Welcome to the 18th installment of PaLAW: Annual Report on the Legal Profession. In this space last year, we spoke of the publication’s new design and continued commitment to providing accurate, detailed and informative data on as many facets of the legal profession as we could fit in these pages.

Our hope is that you can clearly see those efforts again bore fruit in this latest edition, which has tracked a legal community in recovery. As we have focused our efforts in the last year on collecting data about private law firms, public corporations and public interest firms, to name a few things, the legal profession has been focused on how to emerge from a recession that has drastically altered some ways of doing business while allowing other old habits to creep back to the fore.

Layoffs and hiring reductions continue to recede while rate and salary increases are on the rise. Firms continue to function with fewer attorneys – in Pennsylvania, at least. Reed Smith again topped the 100 Largest Law Firms in Pennsylvania list with 311 full-time attorneys in the state, compared to the 323 lawyers that garnered the firm the top spot in 2010.

As Ward Bower points out in his article on page 94, firms have little left to cut in the way of expenses, making revenue generation a tough prospect in 2012. One way to garner more revenue, he points out, is through a merger, but fewer respondents to this year’s Managing Partners Survey said they were actively seeking a merger partner.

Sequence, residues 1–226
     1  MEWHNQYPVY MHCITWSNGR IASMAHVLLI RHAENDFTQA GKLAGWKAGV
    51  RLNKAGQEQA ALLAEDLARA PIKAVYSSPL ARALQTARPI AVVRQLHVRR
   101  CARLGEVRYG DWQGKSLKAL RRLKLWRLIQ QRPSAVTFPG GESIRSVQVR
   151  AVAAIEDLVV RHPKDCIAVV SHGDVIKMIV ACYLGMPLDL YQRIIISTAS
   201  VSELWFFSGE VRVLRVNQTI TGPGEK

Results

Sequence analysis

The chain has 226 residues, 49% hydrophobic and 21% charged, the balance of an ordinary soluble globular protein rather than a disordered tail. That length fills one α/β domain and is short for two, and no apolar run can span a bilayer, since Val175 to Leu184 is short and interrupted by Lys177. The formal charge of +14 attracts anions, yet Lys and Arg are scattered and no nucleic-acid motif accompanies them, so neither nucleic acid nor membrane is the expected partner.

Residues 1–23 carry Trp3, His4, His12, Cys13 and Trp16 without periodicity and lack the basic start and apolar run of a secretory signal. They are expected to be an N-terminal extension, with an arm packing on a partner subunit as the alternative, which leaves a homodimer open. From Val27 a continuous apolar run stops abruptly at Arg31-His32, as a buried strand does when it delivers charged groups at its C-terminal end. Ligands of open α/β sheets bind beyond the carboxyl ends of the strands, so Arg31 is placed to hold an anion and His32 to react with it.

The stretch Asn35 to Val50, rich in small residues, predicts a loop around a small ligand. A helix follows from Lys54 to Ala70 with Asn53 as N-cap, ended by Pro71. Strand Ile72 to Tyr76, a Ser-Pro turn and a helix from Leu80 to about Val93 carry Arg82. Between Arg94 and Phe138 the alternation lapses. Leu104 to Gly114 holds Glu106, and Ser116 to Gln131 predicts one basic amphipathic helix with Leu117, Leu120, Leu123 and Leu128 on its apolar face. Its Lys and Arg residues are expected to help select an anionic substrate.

One area that may still have room for some trimming is the partner ranks — the fastest way, consultants have said, to improve the bottom line. Though firms are not rushing to cut or de-equitize partners in any dramatic fashion, they are looking at doing so at an increased rate from last year.

That and a number of other interesting takeaways can be found from the analysis of the survey, including some impressive financial results for law firms in the last two years. And reporter Zack Needles has a roundup of specific financial results from 2010 for the state’s largest law firms.

There is one big change to the publication this year. We are sad to say that Jaime Bochet, our magazines and supplements editor, has moved on for a new and exciting career endeavor. We can’t thank Jaime enough for her work in shaping PaLAW 2011 and the several editions before it. We promise that her dedication is one entrenched in the institution’s culture — one we hope will remain visible on the coming pages and in future editions as we constantly work to improve the end product.

To that end, we welcome our new magazines and supplements editor, Ben Seal, who joins us from the sports desk of The Trentonian with the same ability to juggle projects and fine-tune a product that has driven the success of this publication in previous years.

This publication and its many moving parts could not have been pulled together without the help of some very dedicated, detail-oriented colleagues. Art Director Karen Leddy painstakingly lays out each of the charts, graphs and articles, adding her own refined style that hopefully makes these pages easy to read as well as easy on the eyes.

Director of Information Technology Brian Harris generates the surveys you are all nice enough to fill out as well as compiles the data we receive from a number of different sources. Super-intern Brooke McDonald has helped with editing every step of the way, further ensuring the data you see is as accurate as possible.

As much of the data you are about to read is a snapshot of where firms currently stand, we welcome your ideas for how we can look ahead and provide you with the most useful information. As the practice of law evolves, so too should this publication. We look forward to hearing you insights and suggestions in the coming year.

Gina Passarella
Senior Staff Reporter and Special Projects Editor